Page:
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Orbit Image Analysis: an open-source whole slide image analysis tool

Citation

Stritt, Manuel; Stalder, Anna; Vezzali, Enrico (2020), Orbit Image Analysis: an open-source whole slide image analysis tool, Dryad, Dataset, https://doi.org/10.5061/dryad.fqz612jpc

Abstract

We describe Orbit Image Analysis, an open-source whole slide image analysis tool. The tool consists of a generic tile-processing engine which allows the execution of various image analysis algorithms provided by either Orbit itself or from other open-source platforms using a tile-based map-reduce execution framework. Orbit Image Analysis is capable of sophisticated whole slide imaging analyses due to several key features. First, Orbit has machine-learning capabilities. This deep learning segmentation can be integrated with complex object detection for analysis of intricate tissues. In addition, Orbit can run locally as standalone or connect to the open-source image server OMERO. Another important characteristic is its scale-out functionality, using the Apache Spark framework for distributed computing. In this paper, we describe the use of Orbit in three different real-world applications: quantification of idiopathic lung fibrosis, nerve fibre density quantification, and glomeruli detection in the kidney.

Usage Notes

This is a whole slide image (WSI) dataset for glomeruli segmentation on kidney tissue, in total 88 images.
The train-set (58 images) and test-set (32 images) has been used in the Orbit publication (1) to train and test the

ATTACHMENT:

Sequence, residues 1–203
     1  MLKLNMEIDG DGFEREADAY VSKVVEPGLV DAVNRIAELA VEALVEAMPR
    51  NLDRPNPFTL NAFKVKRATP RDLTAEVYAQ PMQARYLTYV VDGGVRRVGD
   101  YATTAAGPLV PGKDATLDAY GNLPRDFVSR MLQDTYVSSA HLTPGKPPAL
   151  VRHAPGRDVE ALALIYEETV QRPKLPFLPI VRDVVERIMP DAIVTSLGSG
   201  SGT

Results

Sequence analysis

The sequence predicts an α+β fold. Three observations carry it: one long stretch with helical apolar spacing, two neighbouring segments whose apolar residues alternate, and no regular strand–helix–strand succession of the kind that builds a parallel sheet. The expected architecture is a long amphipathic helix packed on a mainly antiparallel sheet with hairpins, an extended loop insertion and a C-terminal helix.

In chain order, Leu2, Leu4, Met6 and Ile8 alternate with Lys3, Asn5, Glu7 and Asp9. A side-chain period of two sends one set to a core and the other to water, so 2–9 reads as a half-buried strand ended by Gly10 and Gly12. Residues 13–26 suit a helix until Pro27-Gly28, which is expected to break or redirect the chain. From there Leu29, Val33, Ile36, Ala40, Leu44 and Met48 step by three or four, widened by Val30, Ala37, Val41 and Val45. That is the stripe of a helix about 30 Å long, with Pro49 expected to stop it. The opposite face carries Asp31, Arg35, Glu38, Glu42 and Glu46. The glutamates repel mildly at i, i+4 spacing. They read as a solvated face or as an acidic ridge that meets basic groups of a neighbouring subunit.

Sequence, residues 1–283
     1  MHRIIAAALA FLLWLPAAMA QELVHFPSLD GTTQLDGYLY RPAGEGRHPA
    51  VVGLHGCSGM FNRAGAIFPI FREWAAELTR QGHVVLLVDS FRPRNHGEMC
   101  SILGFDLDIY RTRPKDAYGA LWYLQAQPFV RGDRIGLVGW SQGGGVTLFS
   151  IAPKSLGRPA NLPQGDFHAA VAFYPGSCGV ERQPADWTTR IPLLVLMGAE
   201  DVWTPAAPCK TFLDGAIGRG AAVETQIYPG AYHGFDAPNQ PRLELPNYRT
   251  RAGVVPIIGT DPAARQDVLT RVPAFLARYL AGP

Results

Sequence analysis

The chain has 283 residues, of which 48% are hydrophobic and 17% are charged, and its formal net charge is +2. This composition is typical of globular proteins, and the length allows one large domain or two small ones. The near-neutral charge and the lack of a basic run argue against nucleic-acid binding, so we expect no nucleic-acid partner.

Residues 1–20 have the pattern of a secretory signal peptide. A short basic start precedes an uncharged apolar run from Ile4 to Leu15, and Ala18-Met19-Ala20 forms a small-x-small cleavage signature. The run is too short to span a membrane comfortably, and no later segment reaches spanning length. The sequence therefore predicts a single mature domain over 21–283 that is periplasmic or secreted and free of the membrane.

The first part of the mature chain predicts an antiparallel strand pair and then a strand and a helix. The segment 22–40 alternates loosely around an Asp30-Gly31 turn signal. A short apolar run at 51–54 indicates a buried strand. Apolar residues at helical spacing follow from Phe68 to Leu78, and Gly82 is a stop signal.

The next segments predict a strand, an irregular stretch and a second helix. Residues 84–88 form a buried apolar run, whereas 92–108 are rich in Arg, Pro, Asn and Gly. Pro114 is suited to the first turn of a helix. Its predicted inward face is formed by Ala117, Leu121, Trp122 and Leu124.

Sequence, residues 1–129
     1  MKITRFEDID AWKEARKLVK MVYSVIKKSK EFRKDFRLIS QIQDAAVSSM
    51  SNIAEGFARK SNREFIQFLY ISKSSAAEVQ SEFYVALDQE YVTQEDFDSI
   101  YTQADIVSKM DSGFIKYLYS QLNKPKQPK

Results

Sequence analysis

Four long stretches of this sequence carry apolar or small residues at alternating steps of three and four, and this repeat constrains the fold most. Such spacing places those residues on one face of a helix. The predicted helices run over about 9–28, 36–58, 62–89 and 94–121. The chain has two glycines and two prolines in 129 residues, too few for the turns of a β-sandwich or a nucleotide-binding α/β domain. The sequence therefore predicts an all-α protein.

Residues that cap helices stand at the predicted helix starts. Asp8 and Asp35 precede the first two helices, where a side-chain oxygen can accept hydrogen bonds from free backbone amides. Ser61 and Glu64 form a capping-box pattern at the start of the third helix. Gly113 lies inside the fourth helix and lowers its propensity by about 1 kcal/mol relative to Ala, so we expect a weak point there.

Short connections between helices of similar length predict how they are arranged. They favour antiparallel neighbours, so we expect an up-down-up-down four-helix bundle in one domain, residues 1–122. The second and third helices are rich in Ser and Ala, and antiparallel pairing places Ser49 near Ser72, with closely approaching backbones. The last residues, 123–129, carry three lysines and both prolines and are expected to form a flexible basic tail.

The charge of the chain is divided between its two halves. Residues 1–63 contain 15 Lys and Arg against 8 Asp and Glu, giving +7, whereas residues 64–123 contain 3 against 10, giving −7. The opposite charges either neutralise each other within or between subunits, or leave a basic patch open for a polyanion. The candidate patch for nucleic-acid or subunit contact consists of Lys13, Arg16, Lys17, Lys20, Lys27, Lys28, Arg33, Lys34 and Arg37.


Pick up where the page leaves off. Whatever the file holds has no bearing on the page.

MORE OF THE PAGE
glomeruli segmentation model (2).

The images are pyramidal tiff images (tiled, jpeg-compression) and can be displayed with Orbit Image Analysis (3).

The file orbit.db is a sqllite database which contains the manual drawn glomeruli annotations for all images, in total 21037 annotations.
It can be placed in the user-home folder, then Orbit Image Analysis (3) will detect the database and show the glomeruli annotations in the annotation tab when opening an image.
(Orbit will use the md5 hashes of the images for identification.)

For more information on how to train a CNN model or to use the existing model (2) please visit the Orbit deep learning page (4).

(1) Manuel Stritt, Anna K. Stalder, Enrico Vezzali; Orbit Image Analysis: An open-source whole slide image analysis tool; Plos Computational Biology
(2) http://www.orbit.bio/deep-learning-models/
(3) http://www.orbit.bio
(4) http://www.orbit.bio/deep-learning-object-segmentation/
(5) https://creativecommons.org/share-your-work/public-domain/cc0

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